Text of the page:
But if you define religion as community, "then we have our community and they have theirs."
"I am free to say 'my religion is so important to me that I am free to appreciate how important your religion is to you.' There is no statement [in Judaism] of how you should believe," he says.
Kushner acknowledges there are normative beliefs in Judaism, and notes that some synagogues do set up standards of belief and would not allow a Jew they considered nonobservant full participation in their services. "But I think that's where some Orthodox deviate from authentic Judaism," he says. "The overwhelming number of Orthodox synagogues welcome any Jew, no matter what his beliefs or behavior patterns."
The second major contribution of Judaism to the world, he says, is "the science of taking the ordinary and making it holy."
"Religious moments are found not only under conventional religious auspices. Anything can be turned into a religious moment," Kushner says. "Lunch can be a religious moment if you observe dietary laws and begin and end it with a prayer."
Third, Kushner says, Judaism offers the potential to modify our notions of prayer. However, he adds, this is a lesson even Jews must learn from their own tradition.
"One of the problems of trying to be Jewish in the United States or in the Western world is you end up living out your Jewishness in translation," he says. "The English vocabulary for religious behavior misrepresents the ideas in Judaism."
"In the Western world, prayer is seen as asking, which I characterize as confusing God with Santa Claus," he says. "Jewish prayer is not asking. Jewish prayer is, first of all, gratitude. Jewish prayer is study and Jewish prayer is simply inviting God into your life without God having to give you anything in the process."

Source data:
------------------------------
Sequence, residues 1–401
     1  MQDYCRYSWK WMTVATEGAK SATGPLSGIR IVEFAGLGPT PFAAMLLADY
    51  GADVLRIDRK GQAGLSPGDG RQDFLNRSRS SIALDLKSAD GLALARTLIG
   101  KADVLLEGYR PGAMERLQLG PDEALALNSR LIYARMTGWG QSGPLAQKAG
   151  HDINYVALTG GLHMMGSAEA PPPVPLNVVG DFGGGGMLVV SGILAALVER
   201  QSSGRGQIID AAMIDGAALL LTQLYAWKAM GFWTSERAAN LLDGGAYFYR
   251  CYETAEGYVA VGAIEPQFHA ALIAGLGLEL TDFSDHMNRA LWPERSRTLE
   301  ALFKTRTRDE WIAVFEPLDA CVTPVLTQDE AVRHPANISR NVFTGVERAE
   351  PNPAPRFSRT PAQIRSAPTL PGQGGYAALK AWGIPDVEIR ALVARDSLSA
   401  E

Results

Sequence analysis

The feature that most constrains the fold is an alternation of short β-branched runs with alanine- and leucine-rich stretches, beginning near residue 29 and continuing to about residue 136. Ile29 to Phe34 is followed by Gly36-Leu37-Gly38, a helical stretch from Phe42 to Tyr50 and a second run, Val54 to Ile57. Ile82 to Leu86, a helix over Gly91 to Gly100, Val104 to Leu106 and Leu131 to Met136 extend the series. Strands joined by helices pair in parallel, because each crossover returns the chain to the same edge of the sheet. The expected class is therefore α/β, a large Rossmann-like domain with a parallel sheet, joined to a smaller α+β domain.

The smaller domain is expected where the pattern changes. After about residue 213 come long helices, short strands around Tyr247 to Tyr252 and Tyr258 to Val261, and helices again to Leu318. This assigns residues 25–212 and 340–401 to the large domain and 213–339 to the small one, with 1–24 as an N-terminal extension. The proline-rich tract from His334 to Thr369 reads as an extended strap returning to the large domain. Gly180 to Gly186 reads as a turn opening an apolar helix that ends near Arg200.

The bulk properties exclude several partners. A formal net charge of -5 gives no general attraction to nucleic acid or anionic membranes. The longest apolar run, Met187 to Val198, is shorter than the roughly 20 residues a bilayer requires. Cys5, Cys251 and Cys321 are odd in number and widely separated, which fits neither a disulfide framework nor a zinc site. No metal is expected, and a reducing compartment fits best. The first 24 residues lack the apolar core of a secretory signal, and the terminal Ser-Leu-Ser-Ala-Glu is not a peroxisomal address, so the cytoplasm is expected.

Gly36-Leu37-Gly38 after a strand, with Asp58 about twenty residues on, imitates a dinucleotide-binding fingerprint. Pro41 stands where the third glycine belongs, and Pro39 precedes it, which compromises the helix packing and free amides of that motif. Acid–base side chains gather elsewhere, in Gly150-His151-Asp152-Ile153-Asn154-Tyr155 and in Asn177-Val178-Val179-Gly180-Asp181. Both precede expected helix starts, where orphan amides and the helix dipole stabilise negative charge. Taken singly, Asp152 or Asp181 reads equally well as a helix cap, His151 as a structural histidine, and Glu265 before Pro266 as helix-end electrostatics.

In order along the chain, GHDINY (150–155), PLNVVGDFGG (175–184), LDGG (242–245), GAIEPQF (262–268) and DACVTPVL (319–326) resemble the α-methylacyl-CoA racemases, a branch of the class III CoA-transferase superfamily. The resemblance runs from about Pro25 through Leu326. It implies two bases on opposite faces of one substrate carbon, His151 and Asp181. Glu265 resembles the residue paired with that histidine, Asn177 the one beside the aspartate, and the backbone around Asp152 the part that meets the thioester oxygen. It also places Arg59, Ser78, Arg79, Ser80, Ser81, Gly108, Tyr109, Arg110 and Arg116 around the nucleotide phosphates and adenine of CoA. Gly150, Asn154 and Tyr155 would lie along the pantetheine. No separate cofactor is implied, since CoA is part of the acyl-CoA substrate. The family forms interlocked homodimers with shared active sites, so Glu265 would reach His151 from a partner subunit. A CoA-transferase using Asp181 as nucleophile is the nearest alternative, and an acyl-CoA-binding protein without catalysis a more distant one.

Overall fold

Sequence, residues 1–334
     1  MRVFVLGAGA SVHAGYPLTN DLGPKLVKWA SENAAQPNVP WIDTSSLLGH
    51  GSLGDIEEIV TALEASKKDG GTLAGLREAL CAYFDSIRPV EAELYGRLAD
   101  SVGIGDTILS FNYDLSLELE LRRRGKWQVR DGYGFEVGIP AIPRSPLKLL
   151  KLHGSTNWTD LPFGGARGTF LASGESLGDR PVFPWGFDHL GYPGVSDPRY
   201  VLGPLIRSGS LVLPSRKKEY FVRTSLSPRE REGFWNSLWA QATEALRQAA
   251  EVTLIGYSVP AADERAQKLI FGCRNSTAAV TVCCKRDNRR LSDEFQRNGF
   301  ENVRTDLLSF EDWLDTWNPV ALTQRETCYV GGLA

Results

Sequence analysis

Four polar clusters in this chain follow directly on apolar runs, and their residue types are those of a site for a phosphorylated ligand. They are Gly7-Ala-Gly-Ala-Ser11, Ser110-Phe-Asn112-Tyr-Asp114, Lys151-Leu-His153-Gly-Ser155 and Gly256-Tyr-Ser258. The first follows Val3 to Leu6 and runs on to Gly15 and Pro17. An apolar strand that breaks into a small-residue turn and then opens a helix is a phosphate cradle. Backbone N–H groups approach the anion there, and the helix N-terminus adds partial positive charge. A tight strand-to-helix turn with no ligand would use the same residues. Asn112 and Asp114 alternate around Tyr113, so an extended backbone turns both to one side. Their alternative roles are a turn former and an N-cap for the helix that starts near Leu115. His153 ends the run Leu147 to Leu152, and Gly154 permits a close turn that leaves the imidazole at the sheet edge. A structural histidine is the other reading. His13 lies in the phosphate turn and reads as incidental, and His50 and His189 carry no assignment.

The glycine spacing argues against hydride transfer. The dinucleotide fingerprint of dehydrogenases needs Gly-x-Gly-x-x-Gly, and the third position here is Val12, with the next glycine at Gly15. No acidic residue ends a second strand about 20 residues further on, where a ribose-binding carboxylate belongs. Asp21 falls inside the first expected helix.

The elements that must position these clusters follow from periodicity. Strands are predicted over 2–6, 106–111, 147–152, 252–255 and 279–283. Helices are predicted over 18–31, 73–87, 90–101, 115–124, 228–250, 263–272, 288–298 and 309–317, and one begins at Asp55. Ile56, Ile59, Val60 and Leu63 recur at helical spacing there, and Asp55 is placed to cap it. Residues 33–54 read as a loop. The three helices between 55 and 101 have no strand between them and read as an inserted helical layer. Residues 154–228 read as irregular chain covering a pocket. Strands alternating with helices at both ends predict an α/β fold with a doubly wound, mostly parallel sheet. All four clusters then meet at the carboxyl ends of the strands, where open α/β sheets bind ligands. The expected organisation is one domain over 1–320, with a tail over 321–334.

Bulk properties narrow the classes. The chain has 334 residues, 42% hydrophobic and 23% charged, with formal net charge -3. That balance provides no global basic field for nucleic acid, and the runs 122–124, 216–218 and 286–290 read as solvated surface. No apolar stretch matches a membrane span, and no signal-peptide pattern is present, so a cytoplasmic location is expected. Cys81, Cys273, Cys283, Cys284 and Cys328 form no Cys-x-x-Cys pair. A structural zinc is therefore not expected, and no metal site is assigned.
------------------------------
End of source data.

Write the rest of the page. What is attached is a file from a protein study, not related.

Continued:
If prayer is seen as solely a petition to God, it can lead to a serious crisis of faith. What happens when a child prays that her mother will survive surgery, only to find she died on the operating table? The Jewish approach to prayer "gets out of the situation of asking, 'I prayed so hard for my mother to survive the operation. Why wasn't my prayer answered? Was I unworthy? Was my mother unworthy?'
"You end up being very angry with God because he didn't give you what you asked for," Kushner says. "What you're praying for is that you not be alone as you await the outcome. That God is with you."
Kushner, who gave up his pulpit in Natick, Mass., a decade ago to devote his time to writing and lecturing, has two projects soon to be published: a commentary on the Torah, co-authored by fellow Conservative Rabbi Chaim Potok; and a new book, yet to be titled, on "a good person's struggle with his conscience, on the conflict between doing the right thing and doing what you need to do in order to be successful."
Although Kushner has published many works, it's still the book he wrote 20 years ago that people ask about most. Kushner says he doesn't mind.
He recognizes the book's impact. Now, Kushner says, in the face of tragedy, ministers and rabbis are more likely to say, " 'I don't know why this is happening to you. I can't believe God wanted it to happen.' " At funerals, you're more likely to hear "God is weeping with you and not that God has his reasons your human minds can't fathom.
"To this day," he adds, "I get letters from people every week that say it changed their lives."
Using a camera as her paintbrush, Lynne Sachs has created a place to quietly confront our need for constant clamor.